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Sword Art Online: Alicization (Season III)

Get the hate out of your system. All of it. Keep going, I’ll wait.

Is it gone yet? Alrighty, it’s SAO S3, and I’m hella pumped. The past couple weeks I’ve been catching up on the light novels in anticipation for what is supposedly the franchise’s best arc yet–and trust me, I believe it. In 2015 I read books 1-4, or what we know as the first season’s Aincrad and Fairy Dance arcs; in 2016 I read 5, the first half of Phantom Bullet; and just recently, I picked up books 6-14 minus 8 (yes, that is a lot of books and money). Whenever I have free time between classes and studies, I’d immerse myself in Reki Kawahara’s virtual worlds, enjoying every second of leisurely reading. I first read 9 to get a preview into this next arc, then went back to 6 to truly finish Phantom Bullet, and lastly took an emotional pit-stop at 7’s Mother’s Rosario to bridge the storytelling gap. With practically all of SAO in both anime and novel form under my belt (save for the Ordinal Scale film), I’m excited to venture on with my homework in volumes 10-14, as well as follow the anime side-by-side. The promos seem promising and the advertised character designs are simply beautiful. In other words, Alicization, here I come!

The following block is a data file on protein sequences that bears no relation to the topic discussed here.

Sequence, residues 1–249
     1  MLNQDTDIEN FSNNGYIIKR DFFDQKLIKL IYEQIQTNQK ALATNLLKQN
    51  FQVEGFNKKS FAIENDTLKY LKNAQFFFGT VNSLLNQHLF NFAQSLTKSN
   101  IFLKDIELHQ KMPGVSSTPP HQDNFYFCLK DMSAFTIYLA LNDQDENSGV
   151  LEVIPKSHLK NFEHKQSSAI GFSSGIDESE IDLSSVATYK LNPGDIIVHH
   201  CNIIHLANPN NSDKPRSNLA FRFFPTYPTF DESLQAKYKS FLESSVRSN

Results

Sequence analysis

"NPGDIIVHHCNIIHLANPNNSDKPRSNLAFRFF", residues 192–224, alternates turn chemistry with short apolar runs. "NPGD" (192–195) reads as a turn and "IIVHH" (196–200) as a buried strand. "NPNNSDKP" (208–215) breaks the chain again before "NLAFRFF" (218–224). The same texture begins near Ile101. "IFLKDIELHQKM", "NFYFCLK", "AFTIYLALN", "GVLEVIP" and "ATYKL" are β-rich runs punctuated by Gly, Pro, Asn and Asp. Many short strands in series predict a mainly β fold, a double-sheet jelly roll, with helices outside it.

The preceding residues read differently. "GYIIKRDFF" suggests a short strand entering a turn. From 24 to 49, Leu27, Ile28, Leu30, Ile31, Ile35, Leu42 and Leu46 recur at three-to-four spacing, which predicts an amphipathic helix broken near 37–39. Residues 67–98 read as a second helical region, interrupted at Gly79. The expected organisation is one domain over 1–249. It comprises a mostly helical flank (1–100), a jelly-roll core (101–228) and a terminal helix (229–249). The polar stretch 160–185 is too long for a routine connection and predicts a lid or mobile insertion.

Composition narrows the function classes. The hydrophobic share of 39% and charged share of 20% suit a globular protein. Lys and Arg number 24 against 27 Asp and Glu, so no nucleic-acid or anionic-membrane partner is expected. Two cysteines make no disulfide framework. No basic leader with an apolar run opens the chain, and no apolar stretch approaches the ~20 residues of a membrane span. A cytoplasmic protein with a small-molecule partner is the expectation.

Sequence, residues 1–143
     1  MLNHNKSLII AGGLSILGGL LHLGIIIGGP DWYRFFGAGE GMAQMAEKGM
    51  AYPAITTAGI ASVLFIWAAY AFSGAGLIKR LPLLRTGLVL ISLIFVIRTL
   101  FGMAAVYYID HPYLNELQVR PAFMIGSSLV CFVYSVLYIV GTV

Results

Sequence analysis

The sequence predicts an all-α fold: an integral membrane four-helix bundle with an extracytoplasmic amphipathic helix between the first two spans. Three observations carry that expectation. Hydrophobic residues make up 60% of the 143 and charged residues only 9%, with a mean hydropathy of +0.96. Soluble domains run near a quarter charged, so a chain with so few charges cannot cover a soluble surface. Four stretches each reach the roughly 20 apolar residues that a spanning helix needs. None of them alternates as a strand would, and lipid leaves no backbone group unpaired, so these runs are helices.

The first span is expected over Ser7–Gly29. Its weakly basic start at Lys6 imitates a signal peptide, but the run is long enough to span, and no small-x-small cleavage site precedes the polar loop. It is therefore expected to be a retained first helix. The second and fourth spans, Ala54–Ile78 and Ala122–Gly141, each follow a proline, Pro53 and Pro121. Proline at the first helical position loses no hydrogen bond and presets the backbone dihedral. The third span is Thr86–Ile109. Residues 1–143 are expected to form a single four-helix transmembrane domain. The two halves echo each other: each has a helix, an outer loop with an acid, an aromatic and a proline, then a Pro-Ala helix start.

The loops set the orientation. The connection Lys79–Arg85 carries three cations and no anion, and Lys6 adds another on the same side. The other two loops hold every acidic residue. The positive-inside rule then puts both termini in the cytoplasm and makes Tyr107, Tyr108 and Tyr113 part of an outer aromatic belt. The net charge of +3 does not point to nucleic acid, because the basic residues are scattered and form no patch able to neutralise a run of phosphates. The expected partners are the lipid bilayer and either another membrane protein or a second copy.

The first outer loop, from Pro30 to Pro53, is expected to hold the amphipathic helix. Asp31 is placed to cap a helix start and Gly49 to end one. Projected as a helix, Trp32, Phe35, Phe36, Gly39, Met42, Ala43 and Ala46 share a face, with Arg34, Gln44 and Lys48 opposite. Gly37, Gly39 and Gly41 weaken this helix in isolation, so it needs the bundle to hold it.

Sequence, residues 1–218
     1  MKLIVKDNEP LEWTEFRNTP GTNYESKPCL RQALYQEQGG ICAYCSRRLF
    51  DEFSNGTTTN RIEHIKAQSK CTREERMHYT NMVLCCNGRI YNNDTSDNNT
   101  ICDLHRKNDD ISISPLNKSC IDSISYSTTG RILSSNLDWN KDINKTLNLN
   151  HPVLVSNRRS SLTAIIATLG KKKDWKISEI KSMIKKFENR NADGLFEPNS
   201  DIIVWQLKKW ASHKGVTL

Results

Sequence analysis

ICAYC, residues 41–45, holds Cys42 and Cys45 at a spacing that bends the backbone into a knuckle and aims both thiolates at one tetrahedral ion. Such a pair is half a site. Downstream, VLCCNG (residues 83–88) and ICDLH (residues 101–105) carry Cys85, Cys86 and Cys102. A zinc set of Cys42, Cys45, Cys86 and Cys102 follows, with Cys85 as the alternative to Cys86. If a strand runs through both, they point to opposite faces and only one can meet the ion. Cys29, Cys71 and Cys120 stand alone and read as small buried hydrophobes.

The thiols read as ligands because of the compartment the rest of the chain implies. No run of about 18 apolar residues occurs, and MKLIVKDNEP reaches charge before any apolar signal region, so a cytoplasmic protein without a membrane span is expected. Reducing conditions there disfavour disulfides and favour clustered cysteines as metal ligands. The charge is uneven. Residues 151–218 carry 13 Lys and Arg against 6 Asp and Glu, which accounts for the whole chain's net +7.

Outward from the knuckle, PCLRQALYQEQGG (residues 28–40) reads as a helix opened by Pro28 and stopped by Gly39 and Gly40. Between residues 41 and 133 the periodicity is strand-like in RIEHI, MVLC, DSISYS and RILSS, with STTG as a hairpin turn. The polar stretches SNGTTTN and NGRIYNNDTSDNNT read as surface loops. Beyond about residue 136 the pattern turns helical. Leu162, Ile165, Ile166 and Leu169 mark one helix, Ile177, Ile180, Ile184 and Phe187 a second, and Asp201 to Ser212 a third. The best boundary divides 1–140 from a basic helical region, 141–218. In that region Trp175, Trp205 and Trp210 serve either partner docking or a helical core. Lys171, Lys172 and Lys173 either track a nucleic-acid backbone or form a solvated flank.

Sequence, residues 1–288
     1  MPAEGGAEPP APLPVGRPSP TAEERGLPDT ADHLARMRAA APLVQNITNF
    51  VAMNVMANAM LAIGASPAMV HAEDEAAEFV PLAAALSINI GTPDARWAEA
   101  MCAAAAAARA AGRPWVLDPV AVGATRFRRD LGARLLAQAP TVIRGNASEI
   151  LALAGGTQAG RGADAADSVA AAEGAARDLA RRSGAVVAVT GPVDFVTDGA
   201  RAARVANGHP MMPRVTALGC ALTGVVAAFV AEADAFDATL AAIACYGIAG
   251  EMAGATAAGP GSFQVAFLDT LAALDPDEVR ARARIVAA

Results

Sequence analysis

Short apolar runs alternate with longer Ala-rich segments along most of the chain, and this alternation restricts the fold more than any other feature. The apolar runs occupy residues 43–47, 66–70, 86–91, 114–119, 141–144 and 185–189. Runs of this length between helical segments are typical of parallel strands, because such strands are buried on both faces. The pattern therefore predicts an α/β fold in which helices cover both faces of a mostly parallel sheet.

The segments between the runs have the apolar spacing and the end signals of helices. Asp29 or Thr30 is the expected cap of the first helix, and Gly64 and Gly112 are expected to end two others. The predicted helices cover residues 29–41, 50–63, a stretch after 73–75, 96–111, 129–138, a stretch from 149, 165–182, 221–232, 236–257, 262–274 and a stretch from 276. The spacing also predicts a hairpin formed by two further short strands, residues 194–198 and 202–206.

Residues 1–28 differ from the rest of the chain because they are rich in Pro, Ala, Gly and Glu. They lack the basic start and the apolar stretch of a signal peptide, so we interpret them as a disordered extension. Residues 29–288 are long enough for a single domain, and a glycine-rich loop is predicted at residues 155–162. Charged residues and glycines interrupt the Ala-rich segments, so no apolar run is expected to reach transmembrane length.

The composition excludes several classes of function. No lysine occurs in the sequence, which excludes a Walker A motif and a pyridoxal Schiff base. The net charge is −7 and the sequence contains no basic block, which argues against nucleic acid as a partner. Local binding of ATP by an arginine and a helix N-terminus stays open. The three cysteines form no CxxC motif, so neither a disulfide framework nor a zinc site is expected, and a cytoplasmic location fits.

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A Certain Magical Index III